This piece comes from our good friend and contributor Brianna McKeage, owner of Paintbrush Farms.
Paintbrush Farms is a 2-acre plot in the South Okanagan with a functioning cider orchard, numerous fruit trees, two no-till gardens, and a producing vineyard. The property was left feral for roughly five years before I moved in and rescued it from the weeds. In all honesty, there wasn’t really one place to start for this project, but I knew that to gain some sense of beauty, order and benefit from this property, I would have to add more. Here we are three years later, and the small improvements have had huge impacts. There are still loads of weeds, but there is also something happening underground – and this is all thanks to regenerative farming practices.
What is regenerative farming?
Regenerative farming is a dynamic system of agriculture and gardening practices that represents the original way of growing food and healthy communities. It’s imperative that it’s recognized as being used and protected by Indigenous cultures around the world – remaining separate from the juggernaut of linear conventional farming, monocropping, pesticide use, and over-fertilization. I’m happy that it’s making its way back into the conversation, a result I feel is from our western society aching for a new way of growing and eating food.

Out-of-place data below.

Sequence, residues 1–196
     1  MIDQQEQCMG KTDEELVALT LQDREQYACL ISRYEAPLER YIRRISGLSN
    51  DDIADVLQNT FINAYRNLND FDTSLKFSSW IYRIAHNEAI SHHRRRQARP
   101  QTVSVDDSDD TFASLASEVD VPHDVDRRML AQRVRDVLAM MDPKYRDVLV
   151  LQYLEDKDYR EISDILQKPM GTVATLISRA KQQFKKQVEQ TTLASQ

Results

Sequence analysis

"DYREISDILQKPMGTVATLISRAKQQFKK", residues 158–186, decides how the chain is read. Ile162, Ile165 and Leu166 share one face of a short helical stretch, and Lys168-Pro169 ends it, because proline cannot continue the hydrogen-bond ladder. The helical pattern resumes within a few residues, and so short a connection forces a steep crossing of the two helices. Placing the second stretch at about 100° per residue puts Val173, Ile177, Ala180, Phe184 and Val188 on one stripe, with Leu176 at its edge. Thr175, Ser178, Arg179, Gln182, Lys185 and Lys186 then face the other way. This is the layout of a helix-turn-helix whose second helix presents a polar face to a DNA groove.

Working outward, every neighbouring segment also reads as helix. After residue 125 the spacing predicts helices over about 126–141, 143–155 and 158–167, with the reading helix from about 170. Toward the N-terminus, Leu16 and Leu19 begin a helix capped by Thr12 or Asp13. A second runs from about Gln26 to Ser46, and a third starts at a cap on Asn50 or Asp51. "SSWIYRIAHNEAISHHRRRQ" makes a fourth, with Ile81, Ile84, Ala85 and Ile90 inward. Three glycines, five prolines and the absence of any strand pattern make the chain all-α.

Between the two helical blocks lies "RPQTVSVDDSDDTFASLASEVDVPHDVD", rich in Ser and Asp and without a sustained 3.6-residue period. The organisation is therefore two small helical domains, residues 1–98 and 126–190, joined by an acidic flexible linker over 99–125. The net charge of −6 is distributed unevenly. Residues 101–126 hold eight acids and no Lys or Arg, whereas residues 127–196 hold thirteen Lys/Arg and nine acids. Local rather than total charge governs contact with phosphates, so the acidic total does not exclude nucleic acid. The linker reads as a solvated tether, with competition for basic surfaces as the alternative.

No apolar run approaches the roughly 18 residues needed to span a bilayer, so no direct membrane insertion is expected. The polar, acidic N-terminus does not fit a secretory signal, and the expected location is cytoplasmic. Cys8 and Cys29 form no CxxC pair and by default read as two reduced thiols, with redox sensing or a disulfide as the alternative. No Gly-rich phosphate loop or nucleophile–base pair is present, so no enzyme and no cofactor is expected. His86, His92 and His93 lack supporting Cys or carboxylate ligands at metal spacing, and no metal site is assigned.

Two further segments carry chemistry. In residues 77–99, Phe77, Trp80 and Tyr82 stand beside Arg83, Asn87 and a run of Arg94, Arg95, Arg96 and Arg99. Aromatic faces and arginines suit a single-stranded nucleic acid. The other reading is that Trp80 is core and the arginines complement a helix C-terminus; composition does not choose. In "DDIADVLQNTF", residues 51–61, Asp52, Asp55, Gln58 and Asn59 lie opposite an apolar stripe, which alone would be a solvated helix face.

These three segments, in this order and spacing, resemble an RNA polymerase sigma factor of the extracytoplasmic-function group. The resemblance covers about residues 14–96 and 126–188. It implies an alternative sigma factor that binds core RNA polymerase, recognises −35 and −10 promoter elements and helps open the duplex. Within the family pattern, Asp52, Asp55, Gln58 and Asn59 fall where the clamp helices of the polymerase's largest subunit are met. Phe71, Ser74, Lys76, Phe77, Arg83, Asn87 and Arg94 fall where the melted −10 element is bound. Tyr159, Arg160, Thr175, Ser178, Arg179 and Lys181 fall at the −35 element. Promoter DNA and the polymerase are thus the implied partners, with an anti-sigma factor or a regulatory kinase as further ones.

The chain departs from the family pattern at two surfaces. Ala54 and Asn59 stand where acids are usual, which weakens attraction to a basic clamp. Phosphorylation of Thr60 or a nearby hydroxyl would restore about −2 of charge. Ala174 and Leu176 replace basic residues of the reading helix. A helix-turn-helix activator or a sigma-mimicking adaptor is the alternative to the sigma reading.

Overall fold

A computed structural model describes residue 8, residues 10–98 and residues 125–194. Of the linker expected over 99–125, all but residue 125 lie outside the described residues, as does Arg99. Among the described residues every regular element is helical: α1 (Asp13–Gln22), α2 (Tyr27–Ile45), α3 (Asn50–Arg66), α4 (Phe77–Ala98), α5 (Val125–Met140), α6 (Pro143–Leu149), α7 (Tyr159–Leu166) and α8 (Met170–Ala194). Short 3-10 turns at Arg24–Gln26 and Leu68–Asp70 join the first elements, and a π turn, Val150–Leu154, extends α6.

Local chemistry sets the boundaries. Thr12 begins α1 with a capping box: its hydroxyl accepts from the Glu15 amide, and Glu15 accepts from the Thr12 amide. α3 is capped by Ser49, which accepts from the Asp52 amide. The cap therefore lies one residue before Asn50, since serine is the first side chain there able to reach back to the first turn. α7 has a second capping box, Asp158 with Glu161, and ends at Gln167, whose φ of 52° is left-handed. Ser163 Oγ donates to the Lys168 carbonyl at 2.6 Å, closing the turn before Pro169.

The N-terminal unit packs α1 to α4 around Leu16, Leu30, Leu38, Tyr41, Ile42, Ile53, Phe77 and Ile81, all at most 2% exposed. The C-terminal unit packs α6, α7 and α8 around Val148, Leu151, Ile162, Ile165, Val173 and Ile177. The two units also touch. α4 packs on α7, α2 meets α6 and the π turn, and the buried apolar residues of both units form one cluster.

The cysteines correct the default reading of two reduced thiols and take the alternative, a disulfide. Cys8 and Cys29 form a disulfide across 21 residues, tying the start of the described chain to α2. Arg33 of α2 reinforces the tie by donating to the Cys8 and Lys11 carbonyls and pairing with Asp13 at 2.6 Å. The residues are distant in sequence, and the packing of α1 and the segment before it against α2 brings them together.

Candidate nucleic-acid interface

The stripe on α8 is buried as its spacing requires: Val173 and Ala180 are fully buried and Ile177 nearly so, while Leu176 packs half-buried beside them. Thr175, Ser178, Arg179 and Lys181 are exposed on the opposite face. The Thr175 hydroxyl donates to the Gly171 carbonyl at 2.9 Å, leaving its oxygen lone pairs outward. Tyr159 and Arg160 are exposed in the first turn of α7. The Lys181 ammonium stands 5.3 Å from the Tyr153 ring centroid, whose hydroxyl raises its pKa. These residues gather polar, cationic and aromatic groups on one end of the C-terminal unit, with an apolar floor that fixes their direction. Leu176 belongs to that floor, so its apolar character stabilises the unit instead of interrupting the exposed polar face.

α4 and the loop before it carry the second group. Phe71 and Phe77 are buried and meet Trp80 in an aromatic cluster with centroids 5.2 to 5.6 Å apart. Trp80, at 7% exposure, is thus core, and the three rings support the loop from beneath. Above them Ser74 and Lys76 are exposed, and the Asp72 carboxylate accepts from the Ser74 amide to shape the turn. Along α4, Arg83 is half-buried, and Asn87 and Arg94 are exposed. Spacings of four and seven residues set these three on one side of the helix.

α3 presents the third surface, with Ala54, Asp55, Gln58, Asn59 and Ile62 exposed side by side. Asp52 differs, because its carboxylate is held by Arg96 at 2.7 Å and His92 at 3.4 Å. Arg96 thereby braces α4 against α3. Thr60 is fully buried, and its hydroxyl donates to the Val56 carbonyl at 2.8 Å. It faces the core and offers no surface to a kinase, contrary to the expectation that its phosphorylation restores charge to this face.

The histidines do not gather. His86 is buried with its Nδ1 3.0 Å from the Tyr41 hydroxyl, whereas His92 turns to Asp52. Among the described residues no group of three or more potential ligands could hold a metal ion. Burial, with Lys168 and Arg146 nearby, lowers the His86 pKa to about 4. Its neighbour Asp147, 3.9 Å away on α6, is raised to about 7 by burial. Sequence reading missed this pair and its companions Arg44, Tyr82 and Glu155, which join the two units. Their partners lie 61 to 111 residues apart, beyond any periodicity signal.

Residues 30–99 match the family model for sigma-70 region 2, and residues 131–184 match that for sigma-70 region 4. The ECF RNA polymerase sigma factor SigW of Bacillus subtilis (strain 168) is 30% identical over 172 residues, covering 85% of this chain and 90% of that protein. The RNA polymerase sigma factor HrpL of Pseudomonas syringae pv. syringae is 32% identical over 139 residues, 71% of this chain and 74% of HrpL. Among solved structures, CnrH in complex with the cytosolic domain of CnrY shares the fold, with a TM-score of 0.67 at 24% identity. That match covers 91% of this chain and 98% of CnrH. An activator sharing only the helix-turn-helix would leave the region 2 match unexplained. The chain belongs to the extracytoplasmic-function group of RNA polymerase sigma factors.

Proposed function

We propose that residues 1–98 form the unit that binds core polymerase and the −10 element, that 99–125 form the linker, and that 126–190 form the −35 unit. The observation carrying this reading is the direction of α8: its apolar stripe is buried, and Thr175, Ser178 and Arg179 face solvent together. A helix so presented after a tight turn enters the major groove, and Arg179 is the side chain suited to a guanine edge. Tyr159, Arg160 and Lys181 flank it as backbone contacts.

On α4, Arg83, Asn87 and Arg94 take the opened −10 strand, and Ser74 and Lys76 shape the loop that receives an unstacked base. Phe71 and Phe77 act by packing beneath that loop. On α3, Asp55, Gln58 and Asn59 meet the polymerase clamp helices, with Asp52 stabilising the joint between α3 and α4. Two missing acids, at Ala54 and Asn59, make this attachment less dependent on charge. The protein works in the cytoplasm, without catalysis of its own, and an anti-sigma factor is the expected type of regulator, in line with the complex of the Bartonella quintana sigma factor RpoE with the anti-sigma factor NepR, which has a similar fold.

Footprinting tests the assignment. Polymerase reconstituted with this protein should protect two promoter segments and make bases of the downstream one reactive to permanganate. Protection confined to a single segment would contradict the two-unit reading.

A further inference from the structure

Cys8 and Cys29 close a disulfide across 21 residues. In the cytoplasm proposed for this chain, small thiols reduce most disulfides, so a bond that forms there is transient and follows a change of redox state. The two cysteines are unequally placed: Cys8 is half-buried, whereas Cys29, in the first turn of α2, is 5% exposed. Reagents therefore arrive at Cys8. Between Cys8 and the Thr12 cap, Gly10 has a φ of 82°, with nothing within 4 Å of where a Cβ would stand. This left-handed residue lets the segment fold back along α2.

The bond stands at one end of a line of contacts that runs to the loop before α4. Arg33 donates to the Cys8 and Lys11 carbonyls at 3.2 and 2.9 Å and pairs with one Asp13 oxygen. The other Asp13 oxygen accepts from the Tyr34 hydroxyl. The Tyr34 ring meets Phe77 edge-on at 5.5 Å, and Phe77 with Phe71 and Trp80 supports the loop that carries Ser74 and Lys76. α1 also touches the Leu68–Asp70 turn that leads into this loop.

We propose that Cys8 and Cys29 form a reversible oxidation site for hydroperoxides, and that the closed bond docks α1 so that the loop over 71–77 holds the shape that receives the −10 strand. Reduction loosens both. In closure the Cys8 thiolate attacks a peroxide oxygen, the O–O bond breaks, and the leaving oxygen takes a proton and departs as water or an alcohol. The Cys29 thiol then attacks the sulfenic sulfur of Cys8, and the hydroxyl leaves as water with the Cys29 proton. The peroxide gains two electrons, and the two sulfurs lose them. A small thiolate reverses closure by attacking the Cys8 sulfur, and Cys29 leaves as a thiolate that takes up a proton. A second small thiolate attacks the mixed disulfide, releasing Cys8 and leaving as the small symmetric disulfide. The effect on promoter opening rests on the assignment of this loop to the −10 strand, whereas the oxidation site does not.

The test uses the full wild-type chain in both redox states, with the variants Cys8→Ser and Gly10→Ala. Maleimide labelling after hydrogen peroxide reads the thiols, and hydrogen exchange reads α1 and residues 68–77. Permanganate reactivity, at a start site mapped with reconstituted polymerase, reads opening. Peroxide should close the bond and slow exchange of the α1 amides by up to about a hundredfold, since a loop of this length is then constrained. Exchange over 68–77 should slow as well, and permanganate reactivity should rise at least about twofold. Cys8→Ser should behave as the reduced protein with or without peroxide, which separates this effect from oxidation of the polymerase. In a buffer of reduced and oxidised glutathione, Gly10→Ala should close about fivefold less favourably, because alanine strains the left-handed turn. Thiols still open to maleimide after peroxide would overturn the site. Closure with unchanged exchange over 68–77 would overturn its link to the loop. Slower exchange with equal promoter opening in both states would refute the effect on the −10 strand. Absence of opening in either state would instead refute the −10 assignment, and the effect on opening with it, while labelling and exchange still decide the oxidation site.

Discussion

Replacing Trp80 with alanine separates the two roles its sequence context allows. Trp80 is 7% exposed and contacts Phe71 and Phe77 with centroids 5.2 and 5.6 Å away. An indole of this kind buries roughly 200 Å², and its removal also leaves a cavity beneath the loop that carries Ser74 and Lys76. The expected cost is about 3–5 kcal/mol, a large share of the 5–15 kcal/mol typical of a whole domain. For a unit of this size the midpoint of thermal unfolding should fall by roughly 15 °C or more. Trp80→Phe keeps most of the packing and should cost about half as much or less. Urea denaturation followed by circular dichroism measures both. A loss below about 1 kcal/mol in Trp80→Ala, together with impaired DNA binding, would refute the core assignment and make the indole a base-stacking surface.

In simplified terms, regenerative farming focuses on “re-generating” the soil content through keeping and adding biodiversity and organic matter to our soils, rather than taking things away. It’s a complex system of several practices that, once utilized together, rebuild our soil health and composition over time. Added benefits of this type of practice include drawdown on C02 from the atmosphere and helping retain water capacity in the Earth’s soils. This ultimately means that using regenerative farming practices will ensure improved and continued food production for the peoples, rather than this shaky uneasiness of food shortages we face through conventional means.
Easy ways of incorporating regenerative farming practices into your life
The list of regenerative practices can be lengthy. Different individuals and farmers all use combinations and although this list is not exhaustive, some practices that I do on Paintbrush include:
Minimal Conservation Tillage